By Faith Barbara Namagembe at 2012 EAT on Wednesday 8th March 2023.
The number of candidates who cannot score one mark in a subject is on the rise at the advanced level, the national examinations body, Uneb, has said.
At the Advanced level, Uneb, expects candidates to handle complex tasks that require description, explanation, analysis and evaluation. To Uneb’s surprise, a sizable number of candidates are not meeting those core standards.
“We are wondering why, after two years, you find candidates who cannot even score one mark in a subject that they took as a specialty. One of those candidates decided to just copy out questions several times in one of the papers,” Uneb executive director Dan Odongo said while announcing the results of the 2022 Uganda Advanced Certificate of Education (UACE). He was dismayed by the zero scores on many papers.
He added: “Another candidate wrote on page two of the paper that I saw: “Dear Mr Examiner. You are still wasting time on me when there are more serious candidates?” After writing this question, the candidate added: “Now listen to my story.” He then wrote a short poem, starting with “I am the stone the builder refused….”
Odongo said this male candidate went on to list names and songs of some famous musicians such as Celine Dion and Mariah Carey.
“The question we are asking is that, apart from scoring zeroes, could this performance indicate an underlying problem?” he asked.
The UACE examination generally builds on the knowledge and skills assessed at the Uganda Certificate of Education (O-level). The questions are designed to test candidates’ ability to comprehend and apply knowledge in new situations; demonstrate logical reasoning skills, perform scientific experiments, interpret results and draw relevant conclusions.
At least 97,890 candidates from 1,969 centers registered for the examination that was conducted between November 21 and December 9, 2022, compared to 98,392 candidates from 1,952 centers in 2020.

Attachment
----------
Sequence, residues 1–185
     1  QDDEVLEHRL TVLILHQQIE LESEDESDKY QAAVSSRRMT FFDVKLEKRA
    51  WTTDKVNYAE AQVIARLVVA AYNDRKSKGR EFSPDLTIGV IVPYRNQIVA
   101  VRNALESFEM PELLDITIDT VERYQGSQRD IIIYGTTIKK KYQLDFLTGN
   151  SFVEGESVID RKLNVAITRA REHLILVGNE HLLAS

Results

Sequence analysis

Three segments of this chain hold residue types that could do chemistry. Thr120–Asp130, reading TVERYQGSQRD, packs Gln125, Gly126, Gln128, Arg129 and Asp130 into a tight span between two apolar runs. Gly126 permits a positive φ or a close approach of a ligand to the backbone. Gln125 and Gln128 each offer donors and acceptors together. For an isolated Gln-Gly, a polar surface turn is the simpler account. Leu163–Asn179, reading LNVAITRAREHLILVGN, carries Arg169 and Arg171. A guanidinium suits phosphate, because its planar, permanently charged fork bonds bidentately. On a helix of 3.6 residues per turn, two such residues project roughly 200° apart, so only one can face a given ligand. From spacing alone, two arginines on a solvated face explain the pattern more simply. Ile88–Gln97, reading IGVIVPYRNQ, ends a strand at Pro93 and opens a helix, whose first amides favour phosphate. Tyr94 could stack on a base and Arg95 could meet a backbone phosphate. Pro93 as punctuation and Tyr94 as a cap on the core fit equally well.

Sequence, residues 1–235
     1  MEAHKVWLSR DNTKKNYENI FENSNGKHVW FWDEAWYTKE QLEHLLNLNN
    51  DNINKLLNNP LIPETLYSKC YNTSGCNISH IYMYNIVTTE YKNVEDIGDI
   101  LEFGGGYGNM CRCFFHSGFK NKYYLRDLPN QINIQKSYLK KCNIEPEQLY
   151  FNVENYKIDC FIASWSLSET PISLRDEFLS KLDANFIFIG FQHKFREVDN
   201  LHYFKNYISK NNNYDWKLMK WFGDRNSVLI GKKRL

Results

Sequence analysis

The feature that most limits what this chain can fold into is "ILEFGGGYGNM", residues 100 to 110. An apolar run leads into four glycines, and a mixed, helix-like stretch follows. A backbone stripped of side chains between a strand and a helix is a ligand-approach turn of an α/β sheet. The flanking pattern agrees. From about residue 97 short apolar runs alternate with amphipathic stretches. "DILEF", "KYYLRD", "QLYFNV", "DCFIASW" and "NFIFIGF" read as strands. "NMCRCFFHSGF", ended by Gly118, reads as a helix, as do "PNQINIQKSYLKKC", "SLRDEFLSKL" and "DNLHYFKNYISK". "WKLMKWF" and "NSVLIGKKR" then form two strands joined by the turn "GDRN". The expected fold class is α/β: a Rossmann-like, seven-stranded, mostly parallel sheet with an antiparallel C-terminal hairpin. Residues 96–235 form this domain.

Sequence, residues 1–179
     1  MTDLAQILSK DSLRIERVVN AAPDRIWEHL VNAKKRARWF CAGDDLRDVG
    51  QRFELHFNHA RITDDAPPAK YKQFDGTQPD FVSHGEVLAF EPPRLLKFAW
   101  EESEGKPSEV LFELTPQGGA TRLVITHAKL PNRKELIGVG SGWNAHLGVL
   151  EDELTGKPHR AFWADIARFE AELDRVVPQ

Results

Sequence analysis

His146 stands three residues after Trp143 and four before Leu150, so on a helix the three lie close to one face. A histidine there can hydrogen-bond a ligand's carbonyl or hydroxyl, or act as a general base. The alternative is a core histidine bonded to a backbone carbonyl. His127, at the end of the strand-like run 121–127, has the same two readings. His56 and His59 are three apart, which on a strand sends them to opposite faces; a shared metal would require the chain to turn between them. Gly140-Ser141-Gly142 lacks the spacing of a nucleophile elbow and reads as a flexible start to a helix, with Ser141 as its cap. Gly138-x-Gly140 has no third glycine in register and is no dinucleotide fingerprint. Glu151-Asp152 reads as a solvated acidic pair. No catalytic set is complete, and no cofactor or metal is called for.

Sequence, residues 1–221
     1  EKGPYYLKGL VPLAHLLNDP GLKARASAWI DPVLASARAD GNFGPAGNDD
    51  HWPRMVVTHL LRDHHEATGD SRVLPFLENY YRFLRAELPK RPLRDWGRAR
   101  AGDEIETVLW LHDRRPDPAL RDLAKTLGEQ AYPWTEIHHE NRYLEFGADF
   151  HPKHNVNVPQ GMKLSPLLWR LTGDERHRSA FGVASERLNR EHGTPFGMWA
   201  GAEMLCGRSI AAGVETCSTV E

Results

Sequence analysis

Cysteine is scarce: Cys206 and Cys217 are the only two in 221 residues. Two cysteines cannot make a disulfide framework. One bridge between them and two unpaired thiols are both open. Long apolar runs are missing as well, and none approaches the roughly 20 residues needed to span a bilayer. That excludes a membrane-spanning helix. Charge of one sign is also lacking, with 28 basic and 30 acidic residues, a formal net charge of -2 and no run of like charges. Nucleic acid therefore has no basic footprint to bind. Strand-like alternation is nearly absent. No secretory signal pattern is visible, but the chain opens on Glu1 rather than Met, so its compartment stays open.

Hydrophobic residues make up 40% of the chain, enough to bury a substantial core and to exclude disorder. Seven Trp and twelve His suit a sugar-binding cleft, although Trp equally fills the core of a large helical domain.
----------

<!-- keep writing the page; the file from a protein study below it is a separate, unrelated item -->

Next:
Of that total, only 96,557 candidates appeared for the examination compared to 97,443 in 2020 – representing a decrease of 878 candidates. About 40,713 were female.
The results showed a high percentage of candidates (99.2%) qualified for the UACE award, the same percentage for 2020. At the minimum, two principal passes are required for university admission, and 67,815 candidates qualified. However, this number is slightly less than that of 2020 of about 68,013 candidates. For other tertiary institutions where one principal pass and two subsidiary passes are considered, 86,197 will be admitted.
Female candidates proportionally performed better than males at all levels and showed a lower failure rate. Even at individual large entry-level subject levels, females showed better performance, especially in humanities, mathematics, and physics. Males did better in agriculture, chemistry, biology, general paper, and fine arts.
According to Odongo, the performance of candidates at lower levels was undermined by misunderstanding of questions, and the inability to describe, explain, interpret and offer logical arguments, illustrations and specific examples to qualify their answers.
“Better answers were seen in parts of questions that were more direct. Some candidates use mnemonics [when someone selects the first key letters in a phrase and combines them]. Eventually, each of the first letters in a phrase helps them to recall some things],” he said.
In the sciences, evidence of theoretical teaching, which was also highlighted at UCE, was still ongoing, with little practical experience given to the candidates as observed at many centers. As a result, candidates who performed poorly showed an inability to follow instructions and procedures during the practical examinations and failed to accurately record data or even make meaning of any of the data recorded.
Odongo said some candidates had difficulty writing the language of chemistry by using the correct chemical symbols and balanced equations.
TEACHERS TAKE THE BLAME
Whereas the skill of dissection is essential in biology, some candidates did not carry out this task on the specimens provided as required by the questions but instead presented textbook drawings.
The invigilators reported that all specimens provided to some candidates were left intact, which meant that they memorized drawings from textbooks and reproduced them. This, according to Odongo, may indicate that the teachers in the schools where this happened may not have exposed the candidates to this skill.
Teachers are overly blamed for the low performance of candidates, especially in the sciences. The science teachers interviewed for this story partly agreed with the board this time.
The general secretary of the Uganda Professional Science Teachers Union, Aron Mugaiga, said most of the zero scores are reflected in science subjects and practicals due to lack of laboratories and supplies in schools. For subjects like biology with dismal performance, he said, it’s too expensive to teach and requires a dedicated school to support students before final examinations.